I've wanted to be a writer since I was 12 years old.
When I was 15 I met an English teacher by the name of Geoffrey Wickersham and he changed my life. He pushed me by not only teaching me the technical aspects of creative writing -- punctuation and grammar -- but also the storytelling aspect of it. The part where you have to sometimes reach into the deepest parts of your imagination, heart and your gut. It can be uncomfortable and scary when you do it even when it is under the cloak of a fictional character.
Writing has always been a means to release all of the stress that come can come with daily life whether it be using my journal to write numerous expletives to curse out someone who has pissed me off or figuring out a personal challenge -- putting pen to paper has always been my respite. The freedom that writing gives me also could come in the form of me escaping to another world through one of the characters that live in my imagination.
Lately, however, writing has been the bane of my existence.
Writing in a corporate environment and dealing with the politics of that discourages me from doing any writing once I leave the office. I spend so much of my time and energy fighting for my job that it hinders me as an artist and creative person. After months and months of trying to showcase my talents at work to no avail, it forced me to really re-evaluate why I love to write. I realized that I miss that uncomfortable and scary gut-wrenching process of creative/fiction writing. I miss feeling like the world is going to be okay every time I finish writing in my journal or writing a story about a little kid who dresses up as a detective to find his beloved quilt made by his grandmother ("The Pillowcase") or a woman who has everything, but it's not enough because she doesn't have love ("Everything Is Not Enough").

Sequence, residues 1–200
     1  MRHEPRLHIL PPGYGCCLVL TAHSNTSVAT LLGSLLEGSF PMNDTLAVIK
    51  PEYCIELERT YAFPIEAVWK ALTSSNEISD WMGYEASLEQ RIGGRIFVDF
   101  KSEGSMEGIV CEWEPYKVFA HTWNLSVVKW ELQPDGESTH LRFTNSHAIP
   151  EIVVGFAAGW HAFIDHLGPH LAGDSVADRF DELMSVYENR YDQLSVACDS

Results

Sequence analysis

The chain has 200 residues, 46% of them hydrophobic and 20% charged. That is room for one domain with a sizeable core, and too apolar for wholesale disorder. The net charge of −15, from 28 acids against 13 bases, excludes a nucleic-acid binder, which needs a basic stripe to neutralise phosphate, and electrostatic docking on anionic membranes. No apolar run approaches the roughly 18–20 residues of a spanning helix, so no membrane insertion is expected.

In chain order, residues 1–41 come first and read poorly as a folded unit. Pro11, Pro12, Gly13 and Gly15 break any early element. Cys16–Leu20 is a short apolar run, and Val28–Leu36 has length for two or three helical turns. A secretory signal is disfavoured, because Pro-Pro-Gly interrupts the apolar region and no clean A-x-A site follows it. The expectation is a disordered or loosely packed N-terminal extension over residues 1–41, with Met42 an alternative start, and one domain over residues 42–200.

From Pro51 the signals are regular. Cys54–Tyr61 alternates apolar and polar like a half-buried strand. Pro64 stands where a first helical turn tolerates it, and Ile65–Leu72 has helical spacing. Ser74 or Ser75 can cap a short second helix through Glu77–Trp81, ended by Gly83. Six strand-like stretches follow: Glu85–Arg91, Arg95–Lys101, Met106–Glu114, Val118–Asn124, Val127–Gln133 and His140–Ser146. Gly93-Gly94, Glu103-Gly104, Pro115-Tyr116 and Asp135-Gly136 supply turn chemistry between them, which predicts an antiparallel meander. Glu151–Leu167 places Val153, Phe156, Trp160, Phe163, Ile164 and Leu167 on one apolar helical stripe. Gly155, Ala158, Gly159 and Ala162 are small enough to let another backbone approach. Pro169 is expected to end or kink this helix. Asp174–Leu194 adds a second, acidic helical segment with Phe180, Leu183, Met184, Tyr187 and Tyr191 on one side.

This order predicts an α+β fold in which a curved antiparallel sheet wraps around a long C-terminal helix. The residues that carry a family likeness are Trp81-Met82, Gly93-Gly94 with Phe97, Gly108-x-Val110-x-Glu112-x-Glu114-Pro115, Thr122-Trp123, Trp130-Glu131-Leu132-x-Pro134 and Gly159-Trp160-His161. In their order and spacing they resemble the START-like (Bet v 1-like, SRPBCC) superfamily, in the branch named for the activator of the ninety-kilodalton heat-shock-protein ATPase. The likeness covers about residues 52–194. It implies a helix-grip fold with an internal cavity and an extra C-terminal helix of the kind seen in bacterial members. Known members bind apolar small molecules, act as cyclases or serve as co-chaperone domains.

I miss all of the things that made the 12 year old me pick a pen and paper in the first place.
All artists out there can relate. There is this internal warfare within us all -- do we do what we love and what fulfills us or do we put on our khakis and collared shirts and live in the corporate world so that we can eat? Well, the truth of the matter is that I need both. I need to be creative as much as I need to eat. I thrive when I am fulfilled as an artist. I wish to God I was as lucky as some people who can go to work and get both.
In the meantime, I make the commitment to myself today to put a pen to paper or my fingers to a keyboard everyday to let my creative flag fly. Hey, if I can't do it at work when my imagination is neatly tucked away under the costume of a corporate girl, I will do it at five in the morning or at midnight when my hair is down, there aren't any dudes in black or gray suits criticizing everything I do and I am free to be me -- a girl who just loves to write.
P.s. I hope to finally publish the two books I referenced above this year, finally.